sdf5

Some had to be photoshopped a little to get rid of dark spots and to add more colors:

pond_300_fill

At first, I had troubles with getting the lighting right, so I had a lot of these black spots to fix, then I actually managed to tune it better. Final scene is actually a mix of different approaches, because I didn’t have the time to re-render everything with different settings, and because it actually looked less monotonous.

Some early screenshots:

At this moment I also had stroke direction set up properly, what was pretty important, as uniform strokes had very unnatural look. At first, I tried to generate stroke direction procedurally (similar to how you generate normal map from a height map), but it wasn’t sufficient. It was obvious to me how some strokes must lay, for example, I really wanted vertical strokes for the grass and fence strokes following the shape of the fence. Not being able to direct it with purely procedural approach, I simply decided to manually paint stroke direction in additional textures. Final version uses manual direction near the camera and procedural for distant quads. Here’re some examples of direction maps:

pond4_dir_hi

To be honest, painting vectors with colors in Photoshop wasn’t the most exciting thing to do, but still, it was the quickest way I could think of 😀

The difference was quite obvious. Here’s uniform direction on the left, changed on the right:

paintprocess3

And this is it. The point cloud nature of the scene also allowed me to have some fun in the ending part, making quads behave like a surreal particle system. All motion was done in vertex shader.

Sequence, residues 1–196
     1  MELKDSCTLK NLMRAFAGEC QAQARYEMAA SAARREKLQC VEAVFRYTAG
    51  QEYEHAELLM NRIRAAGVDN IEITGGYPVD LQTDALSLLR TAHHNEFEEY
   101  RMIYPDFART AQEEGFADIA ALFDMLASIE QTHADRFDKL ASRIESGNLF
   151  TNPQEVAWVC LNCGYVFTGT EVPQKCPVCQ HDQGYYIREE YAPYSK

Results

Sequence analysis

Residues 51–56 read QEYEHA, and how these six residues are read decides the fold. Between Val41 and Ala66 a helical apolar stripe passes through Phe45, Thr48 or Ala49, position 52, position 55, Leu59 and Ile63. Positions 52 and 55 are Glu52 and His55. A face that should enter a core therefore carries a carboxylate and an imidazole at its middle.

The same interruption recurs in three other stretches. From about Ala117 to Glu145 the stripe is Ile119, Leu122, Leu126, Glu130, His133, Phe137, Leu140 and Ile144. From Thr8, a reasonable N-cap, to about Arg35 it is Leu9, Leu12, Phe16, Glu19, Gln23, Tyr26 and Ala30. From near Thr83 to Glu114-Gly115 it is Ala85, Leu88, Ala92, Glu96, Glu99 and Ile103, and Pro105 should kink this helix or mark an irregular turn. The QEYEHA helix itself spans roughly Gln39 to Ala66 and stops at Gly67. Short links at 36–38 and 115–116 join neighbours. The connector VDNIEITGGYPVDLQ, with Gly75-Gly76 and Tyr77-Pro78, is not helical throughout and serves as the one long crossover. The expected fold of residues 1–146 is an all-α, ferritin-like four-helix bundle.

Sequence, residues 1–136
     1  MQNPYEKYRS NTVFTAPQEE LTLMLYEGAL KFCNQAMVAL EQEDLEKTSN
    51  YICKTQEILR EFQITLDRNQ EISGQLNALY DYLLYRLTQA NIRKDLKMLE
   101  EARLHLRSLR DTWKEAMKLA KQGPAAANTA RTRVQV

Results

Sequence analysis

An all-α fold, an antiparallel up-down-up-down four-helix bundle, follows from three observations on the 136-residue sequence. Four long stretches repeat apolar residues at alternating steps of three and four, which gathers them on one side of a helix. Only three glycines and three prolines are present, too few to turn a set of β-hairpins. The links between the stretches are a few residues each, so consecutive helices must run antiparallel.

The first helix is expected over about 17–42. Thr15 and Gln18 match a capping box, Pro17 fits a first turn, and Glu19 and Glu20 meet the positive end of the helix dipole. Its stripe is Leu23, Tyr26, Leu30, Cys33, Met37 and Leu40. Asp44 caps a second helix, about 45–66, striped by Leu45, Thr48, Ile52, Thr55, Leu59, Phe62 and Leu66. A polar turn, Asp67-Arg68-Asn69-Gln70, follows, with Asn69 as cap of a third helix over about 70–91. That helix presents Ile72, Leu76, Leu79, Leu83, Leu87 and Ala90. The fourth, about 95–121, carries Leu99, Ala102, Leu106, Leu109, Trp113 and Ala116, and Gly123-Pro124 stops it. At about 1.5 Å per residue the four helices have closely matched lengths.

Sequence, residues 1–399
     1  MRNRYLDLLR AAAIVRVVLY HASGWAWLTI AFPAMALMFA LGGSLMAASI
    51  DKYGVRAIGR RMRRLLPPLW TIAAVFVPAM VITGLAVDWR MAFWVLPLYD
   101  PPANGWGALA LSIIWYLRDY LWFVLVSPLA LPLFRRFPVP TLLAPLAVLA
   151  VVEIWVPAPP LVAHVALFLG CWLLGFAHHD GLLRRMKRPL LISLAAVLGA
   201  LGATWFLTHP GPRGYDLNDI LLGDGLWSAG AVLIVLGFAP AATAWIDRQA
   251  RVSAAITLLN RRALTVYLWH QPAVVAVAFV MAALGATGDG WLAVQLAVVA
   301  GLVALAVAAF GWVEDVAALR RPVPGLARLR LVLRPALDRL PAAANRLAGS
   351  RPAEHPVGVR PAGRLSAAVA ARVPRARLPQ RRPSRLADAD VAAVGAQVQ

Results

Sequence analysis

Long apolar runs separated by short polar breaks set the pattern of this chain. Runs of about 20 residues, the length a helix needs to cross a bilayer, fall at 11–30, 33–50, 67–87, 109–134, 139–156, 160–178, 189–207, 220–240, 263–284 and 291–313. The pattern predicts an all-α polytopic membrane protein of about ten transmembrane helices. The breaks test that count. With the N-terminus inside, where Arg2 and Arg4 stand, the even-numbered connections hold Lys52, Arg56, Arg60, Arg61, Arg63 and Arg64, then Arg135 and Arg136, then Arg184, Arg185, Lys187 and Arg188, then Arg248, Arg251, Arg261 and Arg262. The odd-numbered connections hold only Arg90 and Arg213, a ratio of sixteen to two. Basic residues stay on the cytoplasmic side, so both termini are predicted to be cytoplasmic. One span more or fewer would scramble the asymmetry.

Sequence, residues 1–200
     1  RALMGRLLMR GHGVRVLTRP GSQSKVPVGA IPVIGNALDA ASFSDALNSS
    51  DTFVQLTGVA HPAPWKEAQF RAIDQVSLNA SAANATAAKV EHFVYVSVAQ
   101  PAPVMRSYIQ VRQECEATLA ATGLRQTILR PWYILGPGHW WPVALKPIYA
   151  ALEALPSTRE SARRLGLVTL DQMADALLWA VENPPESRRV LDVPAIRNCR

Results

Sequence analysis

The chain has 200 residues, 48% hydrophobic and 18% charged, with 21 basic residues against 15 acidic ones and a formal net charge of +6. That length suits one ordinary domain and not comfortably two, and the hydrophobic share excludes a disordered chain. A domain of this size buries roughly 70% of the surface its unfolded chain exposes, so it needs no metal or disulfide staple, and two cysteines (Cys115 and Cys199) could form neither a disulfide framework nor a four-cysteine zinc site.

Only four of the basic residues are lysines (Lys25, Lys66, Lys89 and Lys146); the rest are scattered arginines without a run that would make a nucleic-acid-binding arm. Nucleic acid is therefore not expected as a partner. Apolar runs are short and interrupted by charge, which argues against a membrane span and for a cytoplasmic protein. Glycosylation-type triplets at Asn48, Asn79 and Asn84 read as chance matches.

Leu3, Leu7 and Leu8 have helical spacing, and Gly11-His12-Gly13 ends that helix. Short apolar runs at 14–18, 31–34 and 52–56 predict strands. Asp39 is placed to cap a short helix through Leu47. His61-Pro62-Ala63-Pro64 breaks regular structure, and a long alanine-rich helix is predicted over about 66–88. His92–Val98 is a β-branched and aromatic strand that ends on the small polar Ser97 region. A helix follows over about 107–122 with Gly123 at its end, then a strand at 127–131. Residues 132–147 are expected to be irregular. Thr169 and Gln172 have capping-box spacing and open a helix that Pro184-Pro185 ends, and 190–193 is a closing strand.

I hope it was somewhat interesting to read, at least I’ll not forget the technique myself 🙂

 

Bonus information

Recently I was asked how to fill inevitable holes between quads. The way I did here is simple – I just used very rough underlying geometry:

paintprocess4

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13 comments

  1. Pingback: Рендер нарисованного мира в JG « Mr F

  2. Hi, really nice tech. Been thinking this kind of approach, since got LiDAR and possibilities to use data on animated content. If like to test it more, drop me a line and can provide some data for you to research. Great work!

    • Thanks! LiDAR sounds definitely interesting. I only tried photogrammetry before and aware of many problems with it. Not sure right now what practical limitations LiDAR has comparing to it, and what would be the best use case. Just opened your site: the skatepark scene! I think I’ve seen it somewhere before. Looks awesome! So it might be a good way to scan architecture?

  3. Very cool work! It reminds me a bit of the work in the film What Dreams May Come.. I looked into that movie a while ago trying to figure out how to do something similar in realtime, and never got very far.. this is inspiring!!

  4. This looks fantastic 🙂 But the “demo” link leads to some other thing, with car headlight streaks in a city? (Also beautiful!)

  5. Pingback: Rendering painted world in JG | RocksGame